You can find out who is reading at our venues by visiting the ninth edition of The Fox Chase Review that will be released in January 2011 and by visiting our blog at this link: Fox Chase Reading Series 2011 Schedule


The Fox Chase Reading Series Blog was originally created to compliment The Fox Chase Review and The Fox Chase Reading Series. In 2010 we were able to expand to book reviews by our staff, Diane Sahms- Guarnieri, Rodger Lowenthal, Alfred Hayes and Charles Loudon. In addition, we promote books that come to our attention by poets/writers who are published in FCR and highlight literary links of interest.  2010 marked the departure of Charles Loudon who moved on to other adventures.  If you have a review you believe the FCRS blog would have an interest in please submit it to foxchasereadingseries@yahoo.com for consideration.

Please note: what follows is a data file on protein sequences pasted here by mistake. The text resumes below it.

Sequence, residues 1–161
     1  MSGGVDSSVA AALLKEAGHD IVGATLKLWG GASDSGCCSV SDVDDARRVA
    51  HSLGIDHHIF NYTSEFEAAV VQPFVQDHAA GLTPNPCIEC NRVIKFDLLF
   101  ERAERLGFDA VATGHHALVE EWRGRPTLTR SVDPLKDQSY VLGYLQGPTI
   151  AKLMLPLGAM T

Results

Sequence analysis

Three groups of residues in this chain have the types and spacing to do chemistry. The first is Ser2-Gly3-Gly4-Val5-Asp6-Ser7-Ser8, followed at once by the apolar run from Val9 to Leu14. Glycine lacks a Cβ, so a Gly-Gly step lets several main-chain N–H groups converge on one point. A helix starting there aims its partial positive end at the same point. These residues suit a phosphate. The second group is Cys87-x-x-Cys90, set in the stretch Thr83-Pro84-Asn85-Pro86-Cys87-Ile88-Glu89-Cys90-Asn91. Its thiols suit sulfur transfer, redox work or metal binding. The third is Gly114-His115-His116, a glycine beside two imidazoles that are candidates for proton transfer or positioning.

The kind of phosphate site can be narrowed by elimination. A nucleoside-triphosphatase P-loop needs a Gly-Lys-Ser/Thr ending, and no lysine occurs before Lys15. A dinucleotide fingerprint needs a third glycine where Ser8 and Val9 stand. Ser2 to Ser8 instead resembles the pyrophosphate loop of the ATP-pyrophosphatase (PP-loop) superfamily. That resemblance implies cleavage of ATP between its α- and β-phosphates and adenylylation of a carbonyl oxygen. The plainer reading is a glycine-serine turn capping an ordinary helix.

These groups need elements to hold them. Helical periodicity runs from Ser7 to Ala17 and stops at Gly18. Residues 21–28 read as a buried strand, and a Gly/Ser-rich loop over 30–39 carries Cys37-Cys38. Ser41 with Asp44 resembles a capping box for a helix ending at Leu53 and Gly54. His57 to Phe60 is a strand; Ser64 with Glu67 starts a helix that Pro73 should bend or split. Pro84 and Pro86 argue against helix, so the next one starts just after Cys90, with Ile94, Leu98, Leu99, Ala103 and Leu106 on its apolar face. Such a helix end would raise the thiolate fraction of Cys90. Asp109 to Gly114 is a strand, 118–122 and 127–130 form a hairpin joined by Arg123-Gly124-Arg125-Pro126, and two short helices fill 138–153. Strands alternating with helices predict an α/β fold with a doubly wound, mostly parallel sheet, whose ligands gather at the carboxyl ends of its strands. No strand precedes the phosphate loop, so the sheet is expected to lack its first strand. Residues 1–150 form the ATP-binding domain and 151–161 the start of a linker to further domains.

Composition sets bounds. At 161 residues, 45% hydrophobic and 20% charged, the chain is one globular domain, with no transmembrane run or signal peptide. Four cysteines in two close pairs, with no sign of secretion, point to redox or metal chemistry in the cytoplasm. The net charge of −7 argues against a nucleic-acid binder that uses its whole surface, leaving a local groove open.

g emil reutter had his eighth release, Carvings, published in November 2010 and we have created a blog in support of the release. For information on Carvings please visit: http://gereutter.wordpress.com/

Diane Sahms-Guarnieri , our poetry editor, will release Images of Being, a full-length poetry collection in October 2011. We will keep you updated.

SR Moser continues to write, garden in the pacific northwest while exploring her art of photography.

Rodger Lowenthal continues to publish book reviews and poetry in the small press. Rodger is looking forward to finding a home for his manuscript in 2011.

Alfred Hayes has fled the winter months in Burholme and is traveling throughout the southwest on his Harley, where he will visit with Charles Loudon in New Mexico. We look forward to his return, unless Charles keeps him out west!